How the carbon bubble could create another global financial crisis

Financial markets are too short-termist to assess the overvaluation of energy assets.

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Investors’ failure to accurately assess economic risks before the 2008 global financial crisis led to the emergence of a giant debt bubble. Today, their failure to account for climate risk has led to the emergence of a huge carbon bubble: the overvaluation of certain assets resulting from this failure. One recent report estimated that the carbon bubble could be as large as $100trn by the end of this century.  

Most firms face climate risks of one kind or another — whether physical risks, like damage to assets resulting from extreme weather events, or transition risks, like fossil fuel assets falling in value as the world moves away from dirty energy. Some firms voluntarily disclose these risks, and their plans to address them, but reporting on carbon risk is not currently mandatory, and not all firms are transparent about their exposure. 

This week the government unveiled its green finance strategy, which sets out plans to work with the UK’s finance sector to decarbonise the economy by 2050. After Labour announced plans to review the reporting of climate risk by publicly-listed companies last week, the government has stated that it will explore ways to “set expectations” on climate reporting for firms. 

If financial markets are too short-termist to ask the right questions about climate risk, then governments should have to force firms and asset managers to disclose this information themselves. The aim of mandatory disclosure would be to make it harder for those most exposed to the carbon bubble to access finance — the more climate risk a firm is exposed to, the harder it will be for them to borrow money from banks and on financial markets.

The problem with this strategy, of course, is that it relies on investors taking seriously the risks that firms and asset managers report. If, as seems likely, climate change will affect almost all areas of economic activity before the century is over, then investors will not be able to insulate themselves from climate risk by divesting from particular assets. 

A second problem is that no one knows when the carbon bubble is going to burst. The planet has already started to experience some of the effects of climate change, and yet most investors still see the problem as a long-term issue unlikely to affect them within their lifetimes. 

Parallels with the financial crisis are easy to draw — many people within the system saw the crisis coming long before it happened. But most found it more profitable to carry on playing the game until the music stopped, rather than sitting out because they knew the game was going to end. 

In this sense, the government’s strategy for climate risk reporting doesn’t go far enough. Mandatory reporting should be introduced as soon as conceivably possible. But investors must also be forced to act on these reports. Why not, for example, expand asset managers’ fiduciary responsibilities to include the responsibility to reduce their exposure to climate risks? Or expand the responsibilities of the central bank to include monitoring of commercial banks’ exposure to climate risk?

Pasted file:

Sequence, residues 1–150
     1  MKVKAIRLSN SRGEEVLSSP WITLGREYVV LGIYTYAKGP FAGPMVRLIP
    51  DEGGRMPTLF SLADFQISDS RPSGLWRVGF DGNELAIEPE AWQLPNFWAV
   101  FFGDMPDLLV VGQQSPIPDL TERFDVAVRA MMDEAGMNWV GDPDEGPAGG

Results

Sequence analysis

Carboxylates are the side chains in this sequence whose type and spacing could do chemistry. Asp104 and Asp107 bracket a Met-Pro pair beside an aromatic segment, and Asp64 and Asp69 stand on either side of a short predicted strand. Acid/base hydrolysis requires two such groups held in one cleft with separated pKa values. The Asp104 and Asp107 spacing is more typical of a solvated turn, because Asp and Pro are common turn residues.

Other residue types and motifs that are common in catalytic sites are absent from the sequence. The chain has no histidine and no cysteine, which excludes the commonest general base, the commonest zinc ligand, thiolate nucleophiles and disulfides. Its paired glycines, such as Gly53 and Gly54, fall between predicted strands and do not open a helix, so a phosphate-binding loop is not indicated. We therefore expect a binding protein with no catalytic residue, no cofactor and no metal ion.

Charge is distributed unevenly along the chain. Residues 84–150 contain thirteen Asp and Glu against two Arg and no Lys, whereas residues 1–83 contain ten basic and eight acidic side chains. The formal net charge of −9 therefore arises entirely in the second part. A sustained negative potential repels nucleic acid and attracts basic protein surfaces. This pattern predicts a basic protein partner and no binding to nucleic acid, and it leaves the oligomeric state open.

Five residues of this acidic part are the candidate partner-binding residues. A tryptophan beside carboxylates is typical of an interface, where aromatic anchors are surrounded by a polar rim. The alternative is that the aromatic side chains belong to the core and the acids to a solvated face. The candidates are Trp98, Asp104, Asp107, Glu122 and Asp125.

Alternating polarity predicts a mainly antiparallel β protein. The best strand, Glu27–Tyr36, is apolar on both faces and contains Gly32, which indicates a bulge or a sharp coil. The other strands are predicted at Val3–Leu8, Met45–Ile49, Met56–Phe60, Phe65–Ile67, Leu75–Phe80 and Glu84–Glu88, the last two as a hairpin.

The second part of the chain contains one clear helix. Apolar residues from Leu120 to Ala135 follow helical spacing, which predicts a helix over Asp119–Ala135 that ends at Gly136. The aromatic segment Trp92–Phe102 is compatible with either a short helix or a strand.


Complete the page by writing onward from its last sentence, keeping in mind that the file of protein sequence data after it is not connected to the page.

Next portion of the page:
Common Wealth, a new economic think-tank on the British left, argues that a radical new approach to green finance should be a key pillar of the Green New Deal currently being considered by political parties across the spectrum. A report published this week sets out plans to reform private financial institutions to gear them toward low-carbon investment and to give the Bank of England the power to use credit guidance to direct investment away from “brown” carbon-intensive assets and towards “green” sustainable ones, as well as imposing binding fiduciary duties on investors to mitigate climate risk. 

Mat Lawrence, Common Wealth’s director, argues that we can’t tackle the climate emergency using markets alone —instead, financial markets must be “actively reshaped by the public sector, with a more ambitious programme of public investment anchoring a Green New Deal”. Lawrence cautiously welcomed the government’s report as a first step, but added that the real question was whether the government will move from disclosure to “mandatory requirements that force divestment with the speed that is required. Tinkering won’t be enough in the face of systemic crisis”. 

Ultimately, the government is unlikely to take the radical steps needed to address the climate emergency. The comments of John Glen, the City minister, about the release of the report were revealing: the green finance strategy would “not only protect our environment, but also help establish London as the pre-eminent international centre for green finance”. 

As long as the fight against climate change is couched in terms of the national economic interest — conflated with the interests of the City — we’ll never achieve our decarbonisation objectives.

Grace Blakeley is the New Statesman’s economics commentator and a research fellow at IPPR.